If you’re looking to keep chickens in College Township, don’t start counting your eggs just yet.
In a standing-room only meeting Thursday, the College Township Council decided to table an ordinance that would allow chickens to be kept in residential areas.
The ordinance will go back to the planning commission for adjustments.
The decision was made after a public hearing that heard 20 residents speak their minds on the pros and cons of poultry in their neighborhoods.
Some who spoke related stories of growing up around chickens, the benefits of having them around and the joy they bring as pets.
Other expressed difficulties with noise, smell and the fear that chickens can be easily abandoned.
Highlights of the ordinance include a requirement that all chickens must be housed in a roofed, secured coop; yard setbacks that prevent a chicken coop from being within 40 feet of an occupied building on an adjoining property; a limit of no more than four hens with no roosters allowed; and a restriction on allowing chickens to run at large.
Those opposed to the ordinance were primarily concerned with the yard setback requirements, claiming that on some properties, being within 40 feet of an adjoining home would put a coop closer to the neighbor’s home than the owner’s home.
Comments were also made on the lack of any noise regulations, as some chickens can squawk well into the night.
Councilwoman Mary Shoemaker said she wanted to give chickens a chance in the township, but wanted to know what would happen to those who got chickens in the interim if the ordinance didn’t work.
Senior Planner Mark Holdren explained that the ordinance could be repealed, and those with chickens could possibly be grandfathered in to be able to keep their animals, provided the chickens had not caused any problems.
Councilwoman Carla Stilson supported the 40-foot setback from adjoining properties, but asked if additional language could be added requiring a maximum distance from the owner’s home.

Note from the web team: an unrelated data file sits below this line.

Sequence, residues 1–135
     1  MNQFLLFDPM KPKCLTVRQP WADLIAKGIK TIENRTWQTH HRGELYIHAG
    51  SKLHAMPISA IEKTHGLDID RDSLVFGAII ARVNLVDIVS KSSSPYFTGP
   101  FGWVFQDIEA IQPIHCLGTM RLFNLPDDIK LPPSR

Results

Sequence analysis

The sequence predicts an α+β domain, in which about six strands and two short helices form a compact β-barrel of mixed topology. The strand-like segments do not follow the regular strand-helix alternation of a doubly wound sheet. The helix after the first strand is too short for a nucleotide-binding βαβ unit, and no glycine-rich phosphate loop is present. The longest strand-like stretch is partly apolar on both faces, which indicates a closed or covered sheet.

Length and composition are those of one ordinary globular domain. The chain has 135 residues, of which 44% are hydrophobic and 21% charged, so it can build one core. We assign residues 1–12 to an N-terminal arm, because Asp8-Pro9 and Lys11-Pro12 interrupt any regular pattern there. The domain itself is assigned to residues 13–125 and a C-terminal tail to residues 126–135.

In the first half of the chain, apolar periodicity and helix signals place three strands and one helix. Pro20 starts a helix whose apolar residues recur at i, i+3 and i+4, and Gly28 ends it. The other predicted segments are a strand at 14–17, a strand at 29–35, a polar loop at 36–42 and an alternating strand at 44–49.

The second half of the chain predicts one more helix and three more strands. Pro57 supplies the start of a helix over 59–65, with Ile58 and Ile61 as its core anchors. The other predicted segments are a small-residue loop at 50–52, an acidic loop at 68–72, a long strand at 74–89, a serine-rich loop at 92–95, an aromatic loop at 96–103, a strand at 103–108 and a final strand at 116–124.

Councilman Rich Francke said he has spent a lot of time with chickens in his municipal career, so he wasn’t swayed to support or deny the ordinance in any way. He did, however, agree that in an issue of fairness, there should be language that indicated a required distance from the owner’s home.
Francke also suggested that a noise requirement could be added that would be similar to the requirements for cats and dogs in residential areas.
Township Manager Adam Brumbaugh suggested that the board table the ordinance.
Additional language could be added that would address the distance and noise issues. The ordinance would then be presented in another public hearing for future adoption.
The board agreed that would be the best option.
“I think both sides of this issue are to be commended for dealing with this matter in the way they have,” Council Chairman Eric Bernier said.
“We didn’t defeat this issue, and we didn’t support it out of respect for those who opposed it. In the end, we’ll see if we can reach a point where everyone is as comfortable as they can be with it.”